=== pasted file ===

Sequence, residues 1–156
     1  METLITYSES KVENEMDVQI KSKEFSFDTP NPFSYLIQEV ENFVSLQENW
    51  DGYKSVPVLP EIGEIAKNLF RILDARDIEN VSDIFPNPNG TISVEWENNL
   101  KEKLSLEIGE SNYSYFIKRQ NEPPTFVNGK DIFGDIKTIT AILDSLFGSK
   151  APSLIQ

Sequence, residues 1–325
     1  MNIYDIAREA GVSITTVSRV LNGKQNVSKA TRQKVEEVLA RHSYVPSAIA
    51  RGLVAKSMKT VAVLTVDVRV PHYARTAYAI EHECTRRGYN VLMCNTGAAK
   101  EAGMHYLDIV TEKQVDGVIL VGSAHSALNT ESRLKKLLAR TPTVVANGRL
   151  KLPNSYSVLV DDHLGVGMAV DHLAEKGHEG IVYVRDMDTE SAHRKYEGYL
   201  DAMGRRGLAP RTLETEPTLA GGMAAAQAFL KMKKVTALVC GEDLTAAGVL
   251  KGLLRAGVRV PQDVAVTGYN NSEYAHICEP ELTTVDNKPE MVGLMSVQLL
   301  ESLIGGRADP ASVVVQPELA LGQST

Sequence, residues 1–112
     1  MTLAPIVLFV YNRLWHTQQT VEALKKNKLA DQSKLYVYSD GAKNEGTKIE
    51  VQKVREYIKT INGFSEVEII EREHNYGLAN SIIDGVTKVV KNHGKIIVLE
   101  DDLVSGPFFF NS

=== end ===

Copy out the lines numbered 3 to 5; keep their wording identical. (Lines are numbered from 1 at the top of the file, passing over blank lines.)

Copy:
    51  DGYKSVPVLP EIGEIAKNLF RILDARDIEN VSDIFPNPNG TISVEWENNL
   101  KEKLSLEIGE SNYSYFIKRQ NEPPTFVNGK DIFGDIKTIT AILDSLFGSK
   151  APSLIQ